This is meant as an open letter to Honorshammer in response to his recent guild indecision.
Starting a guild from scratch is no small thing. Even if your aim is to do 5 and 10 mans on a casual basis, it still requires time, commitment, dedication, patience, goal-setting, calendar management, and a whole host of other issues to be considered. If you ratchet up the aim, the requirements in terms of intensity go up in orders of magnitude.
What I'm trying to say is that for any raiding guild, no matter the bond type between the members, will require huge commitment from the guild master (GM). It becomes a full time job, and may turn things once enjoyed into a chore. Unless the guild is run in a council-type fashion, everything falls to the GM for final resolution. Recruiting is a non-stop function that will initially be entirely on the GM. Raid leading (especially from a main tank spot, take note Honors and all you protection/feral/DK tanks) is stressful and requires discipline, tactical thinking, ability to recognize successful and failsauce strategy from limited data, and most of all, determination. Managing a loot system is tedious and causes friction - it is always a point of contention in any guild. A night off for the GM is almost as a rare as a night off for the main tank. Most of all, raid times for the GM get extended an hour in both directions - Auzara, Sydera/Matticus and many other guild leaders can tell you that there are always questions, concerns, and issues to be resolved/addressed before and after the raid.
The decision to start a guild from scratch should not be taken lightly. I bumbled into it myself and it burnt me out. Recruiting was a constant thorn - people are reluctant to transfer unless the guild has a proven track record, and there are a lot of people out there who plain suck at their class. There was dissention about the loot system. Members took shots at other members regarding their raiding ability. Personal complaints all came to me. Website and Ventrilo server issues were all brought to my attention. Deciding who raided and who didn't each night, whether I made the decision or not, brought the consequences to my doorstep. It was a non-stop barrage of questions, concerns, complaints, officer conferences, and the occasional compliment.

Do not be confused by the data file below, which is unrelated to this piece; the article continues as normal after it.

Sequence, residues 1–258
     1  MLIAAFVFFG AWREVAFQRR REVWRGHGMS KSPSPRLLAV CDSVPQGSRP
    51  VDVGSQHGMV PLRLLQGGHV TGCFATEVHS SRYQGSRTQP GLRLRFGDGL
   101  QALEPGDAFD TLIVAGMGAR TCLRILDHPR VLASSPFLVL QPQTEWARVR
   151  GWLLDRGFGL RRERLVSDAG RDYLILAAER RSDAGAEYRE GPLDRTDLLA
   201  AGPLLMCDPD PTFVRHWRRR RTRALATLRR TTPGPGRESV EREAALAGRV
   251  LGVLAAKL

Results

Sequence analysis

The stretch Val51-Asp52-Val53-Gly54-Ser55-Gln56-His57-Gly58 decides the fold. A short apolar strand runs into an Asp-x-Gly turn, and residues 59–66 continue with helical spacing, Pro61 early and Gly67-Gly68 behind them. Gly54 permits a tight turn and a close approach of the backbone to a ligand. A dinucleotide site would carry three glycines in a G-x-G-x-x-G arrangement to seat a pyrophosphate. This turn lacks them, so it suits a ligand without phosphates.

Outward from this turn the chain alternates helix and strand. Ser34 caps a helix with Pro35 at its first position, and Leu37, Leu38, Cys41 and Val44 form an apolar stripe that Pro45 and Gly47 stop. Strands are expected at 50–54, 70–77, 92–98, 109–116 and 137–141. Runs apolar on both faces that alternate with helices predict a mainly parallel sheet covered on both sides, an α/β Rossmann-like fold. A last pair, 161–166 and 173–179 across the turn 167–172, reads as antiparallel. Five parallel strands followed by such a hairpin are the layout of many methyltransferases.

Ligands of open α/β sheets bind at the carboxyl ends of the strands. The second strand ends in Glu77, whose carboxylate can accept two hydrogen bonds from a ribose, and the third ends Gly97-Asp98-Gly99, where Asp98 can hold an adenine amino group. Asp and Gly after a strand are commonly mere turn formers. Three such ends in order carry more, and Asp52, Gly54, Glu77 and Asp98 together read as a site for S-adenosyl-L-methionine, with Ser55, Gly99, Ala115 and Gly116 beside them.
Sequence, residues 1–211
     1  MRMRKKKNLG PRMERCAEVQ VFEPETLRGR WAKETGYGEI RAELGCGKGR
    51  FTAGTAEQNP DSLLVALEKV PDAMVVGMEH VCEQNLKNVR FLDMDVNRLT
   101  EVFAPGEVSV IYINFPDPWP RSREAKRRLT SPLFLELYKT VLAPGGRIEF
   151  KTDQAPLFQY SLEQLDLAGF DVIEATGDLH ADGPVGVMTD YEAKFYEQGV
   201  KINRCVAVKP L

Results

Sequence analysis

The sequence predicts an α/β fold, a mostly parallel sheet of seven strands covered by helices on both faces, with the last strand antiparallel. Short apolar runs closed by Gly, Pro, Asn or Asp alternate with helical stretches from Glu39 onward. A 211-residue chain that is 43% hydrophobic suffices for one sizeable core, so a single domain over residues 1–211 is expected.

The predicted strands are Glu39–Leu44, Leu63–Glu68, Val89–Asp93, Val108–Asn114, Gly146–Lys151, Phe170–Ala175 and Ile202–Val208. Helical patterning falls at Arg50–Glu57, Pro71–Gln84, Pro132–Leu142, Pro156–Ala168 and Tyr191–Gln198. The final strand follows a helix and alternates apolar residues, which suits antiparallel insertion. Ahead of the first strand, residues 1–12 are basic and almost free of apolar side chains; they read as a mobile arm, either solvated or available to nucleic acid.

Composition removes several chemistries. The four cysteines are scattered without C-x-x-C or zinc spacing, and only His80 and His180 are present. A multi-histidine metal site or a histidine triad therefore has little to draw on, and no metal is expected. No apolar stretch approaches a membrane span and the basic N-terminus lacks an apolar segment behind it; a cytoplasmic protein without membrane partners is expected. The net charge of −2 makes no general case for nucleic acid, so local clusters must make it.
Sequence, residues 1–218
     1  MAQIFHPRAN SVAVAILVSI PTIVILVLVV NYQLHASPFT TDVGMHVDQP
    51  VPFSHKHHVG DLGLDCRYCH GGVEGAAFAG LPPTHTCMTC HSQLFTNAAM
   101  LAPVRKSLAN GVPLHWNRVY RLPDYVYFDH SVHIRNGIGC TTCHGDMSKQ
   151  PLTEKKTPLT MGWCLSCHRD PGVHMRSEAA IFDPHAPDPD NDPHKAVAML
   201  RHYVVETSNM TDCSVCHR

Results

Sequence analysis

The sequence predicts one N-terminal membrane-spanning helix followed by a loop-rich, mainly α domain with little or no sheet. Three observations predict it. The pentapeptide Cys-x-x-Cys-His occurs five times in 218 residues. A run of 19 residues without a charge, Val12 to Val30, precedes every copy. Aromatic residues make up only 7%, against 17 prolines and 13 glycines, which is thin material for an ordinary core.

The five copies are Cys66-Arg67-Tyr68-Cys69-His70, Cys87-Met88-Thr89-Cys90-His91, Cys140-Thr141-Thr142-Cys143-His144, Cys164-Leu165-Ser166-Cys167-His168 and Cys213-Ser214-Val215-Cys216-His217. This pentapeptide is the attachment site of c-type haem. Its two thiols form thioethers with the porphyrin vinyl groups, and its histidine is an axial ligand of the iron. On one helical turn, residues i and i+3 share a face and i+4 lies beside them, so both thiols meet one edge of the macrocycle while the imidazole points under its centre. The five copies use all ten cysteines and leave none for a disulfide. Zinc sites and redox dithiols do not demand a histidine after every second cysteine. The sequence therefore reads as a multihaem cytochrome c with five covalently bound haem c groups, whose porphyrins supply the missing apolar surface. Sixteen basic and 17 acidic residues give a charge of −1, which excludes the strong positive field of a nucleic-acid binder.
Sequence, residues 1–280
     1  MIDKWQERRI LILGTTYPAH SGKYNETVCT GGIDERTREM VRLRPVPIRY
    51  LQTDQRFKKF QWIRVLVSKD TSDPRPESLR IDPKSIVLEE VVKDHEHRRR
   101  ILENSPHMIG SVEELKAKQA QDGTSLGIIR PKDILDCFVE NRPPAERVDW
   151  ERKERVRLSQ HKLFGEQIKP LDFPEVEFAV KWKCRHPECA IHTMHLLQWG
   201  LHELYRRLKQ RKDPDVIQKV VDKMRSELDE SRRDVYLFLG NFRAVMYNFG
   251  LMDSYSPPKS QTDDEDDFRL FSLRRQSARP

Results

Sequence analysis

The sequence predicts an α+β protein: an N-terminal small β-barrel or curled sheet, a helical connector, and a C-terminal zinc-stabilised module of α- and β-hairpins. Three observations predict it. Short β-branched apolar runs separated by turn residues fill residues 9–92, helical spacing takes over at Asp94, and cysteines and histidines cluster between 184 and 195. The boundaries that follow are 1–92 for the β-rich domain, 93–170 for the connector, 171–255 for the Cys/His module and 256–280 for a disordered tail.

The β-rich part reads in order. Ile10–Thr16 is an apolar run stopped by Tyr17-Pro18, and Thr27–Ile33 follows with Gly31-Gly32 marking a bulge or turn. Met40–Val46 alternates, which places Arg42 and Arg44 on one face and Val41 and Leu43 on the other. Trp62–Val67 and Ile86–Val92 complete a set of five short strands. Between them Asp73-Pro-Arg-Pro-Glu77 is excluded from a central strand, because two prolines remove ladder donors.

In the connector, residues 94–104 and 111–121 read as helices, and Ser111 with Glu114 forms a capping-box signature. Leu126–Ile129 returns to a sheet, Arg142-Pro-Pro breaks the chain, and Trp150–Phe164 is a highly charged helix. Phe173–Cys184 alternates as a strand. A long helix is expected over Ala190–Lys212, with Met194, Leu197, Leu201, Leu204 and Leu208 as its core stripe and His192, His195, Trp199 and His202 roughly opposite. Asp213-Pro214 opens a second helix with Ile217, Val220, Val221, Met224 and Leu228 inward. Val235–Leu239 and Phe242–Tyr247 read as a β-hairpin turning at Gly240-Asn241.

Unless you start with an infrastructure in place (designated raid leader, officers for recruitment, officer for loot tracking, website admin, etc.), the process of building that infrastructure in the course of building the guild is an even more daunting task. The identification, selection, and in some cases, coercion of appropriate people to take on these roles is an important step in building an efficient, effective guild/raid squad, and it requires time and patience for the right people to come along (or the cultivation of talent, which requires the GM to have the talent to impart the right skills/tools).
Going back to the raid leading point: guiding a raid from a melee position is incredibly more difficult than from a ranged position. Melee tend to see an up-close view of a boss's crotch/ass and do not get a good overview of the encounter. For tanks especially, there is so much attention to personal space, personal positioning, cooldowns, and upcoming boss abilities that cause peril/impending doom, that it takes an incredibly savvy tank to be able to pay close attention to all of those and what the raid as a whole is doing/should be doing. Delegating the raid leader position to someone else also colors the guild in unintended ways - the raid leader's demeanor can draw people or turn people away from your guild that may otherwise have had a different opinion, no matter what the charter says. The raid leader gives the raid and by proxy the guild a definable character.
Summing it up
Unless you feel you can handle a full-time job on top of whatever you do during the day, and have an unwavering commitment to seeing a vision through despite tons of trials and tribulations, unforseen hardships, recruiting issues, guild defections, drama, and inevitable loot system problems, guild leading is not a good thing to take on. However, it is incredibly rewarding if you can move the planets, get the stars to align, and make it work. The highs are high, but the lows can make you want to cut your losses and /gdisband. Of course, this could be me being all emo about it, but boy, I do not wish the burden of guild leadership upon my closest friends.
Uneasy lies the head that wears the crown.
Shakespeare, "Henry IV," Act II
Aside to Honors - if you do make your own guild, buddy, don't be the raid leader and the main tank. Delegate the raid leading to a trusted individual. Believe me, doing both is folly. I can elaborate if you like.
EDIT: An addendum to the above. To all those who wish there was a guild out there that cultivates the sort of environment they are seeking - there usually is. Building a guild should be done only if your aim is to build a guild, not to be in the right sort of raid environment. There are a ton of guilds out there that have established charters, stable membership, track records, and infrastructure in place. If you aren't averse to transferring, they can be found on an assortment of WoW-related websites, notably the official forums recruiting section.
TL;DR - If you establish a guild, do it for the right reasons. Do it because you want to establish a guild and lead a group, not because you want to find that ideal environment. It's much less effort to troll the recruiting forums/sites than it is to build a guild from the ground up, and the end result is less responsibility and more fun for the rank-and-file raider in the former situation.